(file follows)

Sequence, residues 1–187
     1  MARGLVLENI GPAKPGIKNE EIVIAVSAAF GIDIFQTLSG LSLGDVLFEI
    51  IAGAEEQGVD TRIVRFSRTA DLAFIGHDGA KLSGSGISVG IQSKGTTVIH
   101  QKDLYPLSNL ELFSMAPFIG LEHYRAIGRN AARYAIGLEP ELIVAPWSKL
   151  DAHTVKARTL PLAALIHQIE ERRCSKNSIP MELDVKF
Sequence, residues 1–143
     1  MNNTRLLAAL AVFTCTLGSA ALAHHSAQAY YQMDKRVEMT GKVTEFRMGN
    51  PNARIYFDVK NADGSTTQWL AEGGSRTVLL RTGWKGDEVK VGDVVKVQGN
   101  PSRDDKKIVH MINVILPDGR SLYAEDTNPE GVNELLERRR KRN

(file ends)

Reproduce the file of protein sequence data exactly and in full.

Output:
Sequence, residues 1–187
     1  MARGLVLENI GPAKPGIKNE EIVIAVSAAF GIDIFQTLSG LSLGDVLFEI
    51  IAGAEEQGVD TRIVRFSRTA DLAFIGHDGA KLSGSGISVG IQSKGTTVIH
   101  QKDLYPLSNL ELFSMAPFIG LEHYRAIGRN AARYAIGLEP ELIVAPWSKL
   151  DAHTVKARTL PLAALIHQIE ERRCSKNSIP MELDVKF
Sequence, residues 1–143
     1  MNNTRLLAAL AVFTCTLGSA ALAHHSAQAY YQMDKRVEMT GKVTEFRMGN
    51  PNARIYFDVK NADGSTTQWL AEGGSRTVLL RTGWKGDEVK VGDVVKVQGN
   101  PSRDDKKIVH MINVILPDGR SLYAEDTNPE GVNELLERRR KRN